GVSU completes undefeated season with 24-21 win over Wayne State
It is the eighth undefeated season in program history
Grand Valley State came into the regular season finale against Wayne State as the only undefeated team left in the GLIAC and its region.
The Lakers walked out of Adams Field in Detroit with their record still unblemished, as the team used clutch defense and a late field goal to down the Warriors 24-21 Saturday, Nov. 12.
The win puts GVSU at 11-0, its first undefeated season since 2008. It is the first time a Matt Mitchell-coached GVSU team has finished the regular season undefeated, and the eighth time in the program’s 45-year history.
“It’s hard to achieve perfection,” Mitchell said. “There’s an incredible amount of parity in this league. It’s a huge accomplishment to finish a season undefeated, it’s very, very difficult.”
The Lakers were named the top seed of the Super Region Four Sunday, Nov. 13, which gives them a first round bye in the 2016 NCAA Division II Playoffs.
No. 4 seed Texas A&M Commerce and No. 5 seed Colorado Mesa will play Nov. 19, and GVSU will face the winner of that game Nov. 26 in Allendale. Should the Lakers win that game, they would also host the Regional Championship Dec. 3.
The Lakers had a 21-7 lead early in the third quarter, but the Warriors scored 14 unanswered points, tying the score 21-21 with just over 11 minutes remaining in the game.
On the ensuing GVSU possession, the Lakers drove down the field and faced a first down and 10 at the Warriors' 13-yard line. Quarterback Bart Williams lofted a jump ball to receiver Urston Smith in the end zone, who appeared to make the catch over a defender and get a foot in-bounds, but the officials ruled the pass incomplete.
Two plays later, Williams again heaved the ball toward the end zone, this time to receiver Nick Dodson, who made an acrobatic jumping catch. The officials, however, again ruled the pass incomplete despite the video replay showing Dodson appearing to get a foot in-bounds.
“I didn’t agree with (the referee), but I couldn’t let that affect me,” Dodson said. “I knew that we have too good of a team to just look down on one play.”
There are no coach challenges or video reviews in Division II. Earlier in the game, the officials failed to call a penalty for not enough men at the line of scrimmage on the Warriors, and the play resulted in a 34-yard pass that set up the Warriors with one of their three touchdowns.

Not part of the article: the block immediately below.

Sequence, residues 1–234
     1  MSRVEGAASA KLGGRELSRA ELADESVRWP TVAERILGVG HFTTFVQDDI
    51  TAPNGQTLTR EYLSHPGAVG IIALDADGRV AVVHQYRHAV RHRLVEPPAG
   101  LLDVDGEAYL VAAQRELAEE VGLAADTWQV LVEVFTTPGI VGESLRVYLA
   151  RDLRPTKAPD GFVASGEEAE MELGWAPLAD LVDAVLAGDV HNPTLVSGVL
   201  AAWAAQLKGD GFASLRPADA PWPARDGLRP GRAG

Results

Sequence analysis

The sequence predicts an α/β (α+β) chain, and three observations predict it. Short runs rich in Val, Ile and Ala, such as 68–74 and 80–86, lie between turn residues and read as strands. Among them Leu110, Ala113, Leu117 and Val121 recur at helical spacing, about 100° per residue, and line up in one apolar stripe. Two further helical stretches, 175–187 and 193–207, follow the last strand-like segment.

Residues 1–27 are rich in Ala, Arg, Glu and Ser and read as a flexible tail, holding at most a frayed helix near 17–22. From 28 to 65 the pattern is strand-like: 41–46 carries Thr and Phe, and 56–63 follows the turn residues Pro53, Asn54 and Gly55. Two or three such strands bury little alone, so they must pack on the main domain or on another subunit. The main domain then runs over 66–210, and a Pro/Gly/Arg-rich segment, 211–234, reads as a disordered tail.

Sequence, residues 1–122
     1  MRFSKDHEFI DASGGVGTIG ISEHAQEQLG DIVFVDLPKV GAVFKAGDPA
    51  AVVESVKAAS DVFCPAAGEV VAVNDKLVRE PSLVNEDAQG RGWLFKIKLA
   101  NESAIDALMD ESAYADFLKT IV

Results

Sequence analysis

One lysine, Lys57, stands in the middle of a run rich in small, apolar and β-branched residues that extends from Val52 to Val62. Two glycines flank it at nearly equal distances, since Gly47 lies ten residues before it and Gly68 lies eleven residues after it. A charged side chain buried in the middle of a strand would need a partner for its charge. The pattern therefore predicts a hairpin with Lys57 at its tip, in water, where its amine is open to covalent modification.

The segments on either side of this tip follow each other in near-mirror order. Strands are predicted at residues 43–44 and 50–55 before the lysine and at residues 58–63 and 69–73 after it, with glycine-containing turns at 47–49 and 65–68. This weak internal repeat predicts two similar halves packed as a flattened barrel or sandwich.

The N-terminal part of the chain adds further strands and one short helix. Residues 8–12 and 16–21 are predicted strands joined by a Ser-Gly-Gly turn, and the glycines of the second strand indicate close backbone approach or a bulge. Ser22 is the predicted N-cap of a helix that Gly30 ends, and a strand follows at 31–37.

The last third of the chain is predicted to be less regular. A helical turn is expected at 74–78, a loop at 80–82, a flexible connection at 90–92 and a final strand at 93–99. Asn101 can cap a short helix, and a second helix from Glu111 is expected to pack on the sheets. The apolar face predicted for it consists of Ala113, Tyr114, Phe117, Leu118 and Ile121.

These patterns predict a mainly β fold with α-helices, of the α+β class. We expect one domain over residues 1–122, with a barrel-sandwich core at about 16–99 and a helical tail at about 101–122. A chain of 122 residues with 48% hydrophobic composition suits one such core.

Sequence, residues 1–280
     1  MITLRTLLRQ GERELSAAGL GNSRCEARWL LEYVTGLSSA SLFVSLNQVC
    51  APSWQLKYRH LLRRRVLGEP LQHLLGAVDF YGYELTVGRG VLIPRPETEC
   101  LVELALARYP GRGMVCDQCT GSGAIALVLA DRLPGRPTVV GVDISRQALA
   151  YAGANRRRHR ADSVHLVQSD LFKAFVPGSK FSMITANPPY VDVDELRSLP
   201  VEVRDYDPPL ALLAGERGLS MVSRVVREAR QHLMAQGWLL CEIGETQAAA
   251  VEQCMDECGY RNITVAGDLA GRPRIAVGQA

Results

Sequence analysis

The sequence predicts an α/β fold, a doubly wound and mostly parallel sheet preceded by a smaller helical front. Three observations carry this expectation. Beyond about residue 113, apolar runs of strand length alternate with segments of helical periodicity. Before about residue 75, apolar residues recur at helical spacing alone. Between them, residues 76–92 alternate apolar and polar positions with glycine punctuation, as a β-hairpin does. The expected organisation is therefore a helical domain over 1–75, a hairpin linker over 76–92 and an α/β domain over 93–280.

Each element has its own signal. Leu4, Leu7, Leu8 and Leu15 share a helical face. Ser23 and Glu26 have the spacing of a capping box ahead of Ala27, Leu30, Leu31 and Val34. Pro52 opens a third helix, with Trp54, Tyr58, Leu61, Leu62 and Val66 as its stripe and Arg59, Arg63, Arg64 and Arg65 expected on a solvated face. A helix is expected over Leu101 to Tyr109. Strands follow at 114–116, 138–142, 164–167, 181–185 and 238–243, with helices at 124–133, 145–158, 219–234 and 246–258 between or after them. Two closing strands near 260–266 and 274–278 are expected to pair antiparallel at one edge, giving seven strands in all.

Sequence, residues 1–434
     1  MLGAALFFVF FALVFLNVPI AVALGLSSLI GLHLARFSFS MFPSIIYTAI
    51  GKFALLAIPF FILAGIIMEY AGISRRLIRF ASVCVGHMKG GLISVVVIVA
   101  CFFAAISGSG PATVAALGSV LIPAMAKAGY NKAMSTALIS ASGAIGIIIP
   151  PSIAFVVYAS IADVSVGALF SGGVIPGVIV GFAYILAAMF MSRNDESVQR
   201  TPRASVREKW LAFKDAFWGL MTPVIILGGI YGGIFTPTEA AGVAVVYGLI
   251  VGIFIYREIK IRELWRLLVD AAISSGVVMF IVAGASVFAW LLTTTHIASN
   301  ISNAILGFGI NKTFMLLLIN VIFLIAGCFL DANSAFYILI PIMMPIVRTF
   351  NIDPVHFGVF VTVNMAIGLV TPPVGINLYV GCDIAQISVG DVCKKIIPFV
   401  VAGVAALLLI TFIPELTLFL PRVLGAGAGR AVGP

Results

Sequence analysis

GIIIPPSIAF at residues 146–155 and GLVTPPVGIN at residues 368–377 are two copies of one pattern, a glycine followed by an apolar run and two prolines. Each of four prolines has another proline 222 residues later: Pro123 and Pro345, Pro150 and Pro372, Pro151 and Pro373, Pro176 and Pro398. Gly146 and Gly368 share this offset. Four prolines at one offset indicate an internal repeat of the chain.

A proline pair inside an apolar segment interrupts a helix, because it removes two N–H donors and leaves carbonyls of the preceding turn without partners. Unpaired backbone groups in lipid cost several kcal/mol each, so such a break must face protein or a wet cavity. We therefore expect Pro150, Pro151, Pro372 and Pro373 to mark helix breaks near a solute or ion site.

“I’ll probably get fined for it, but I don’t care," Mitchell said. "That was one of the worst officiated games I’ve ever seen, and I’m proud of our coaches and players for fighting through a lot of adversity."
After the incomplete pass to Dodson, the Lakers settled for a Joel Schipper field goal that gave them a three-point cushion late in the fourth quarter.
“Everybody is complaining about the refs, complaining about this and that, there’s just pandemonium around the stadium, and (Schipper) locked in and made what ended up being the game-winning field goal,” Williams said.
The Laker defense stopped the Warriors on their next possession thanks to defensive end Dylan Carroll, who sacked Warriors quarterback Donovan Zezula on fourth-and-one in GVSU territory. The offense, though, gained only 10 yards on eight plays and punted the ball back to the Warriors with 1:37 on the clock.
Trailing by three points with no timeouts, the Warriors didn’t get off to the start they had hoped for. A holding penalty on second down pushed them back to their own 10-yard line. On the next play, GVSU’s Carroll came up big again, and appeared to sack Zezula in the end zone. That would have resulted in a two-point safety, which would have ended the game, but the officials ruled the sack occurred at the one-yard line, keeping the drive alive.
“That should’ve been a safety, and the game should’ve been over right there,” Mitchell said.
GVSU safety Donte Carey intercepted Zezula on the next play with 15 seconds left—this time, the game was over.
GVSU running back Martayveus Carter finished with 165 yards and one touchdown—a 60-yard run in the first quarter. Carter finished the season as the leading rusher in the nation with 1,590 yards, 18 touchdowns and a 7.8 yard-per-carry average.
“It was good for me, but the O-line made it happen,” Carter said. “I always give all my credit to my offensive line because (they're) out there working, getting banged up.”
Williams finished with 175 yards on 12-of-19 passing and two touchdowns, both of which were to Dodson, who totaled six receptions for 61 yards. Linebacker Collin Schlosser led all defenders with 10 tackles and 2.5 tackles-for-loss.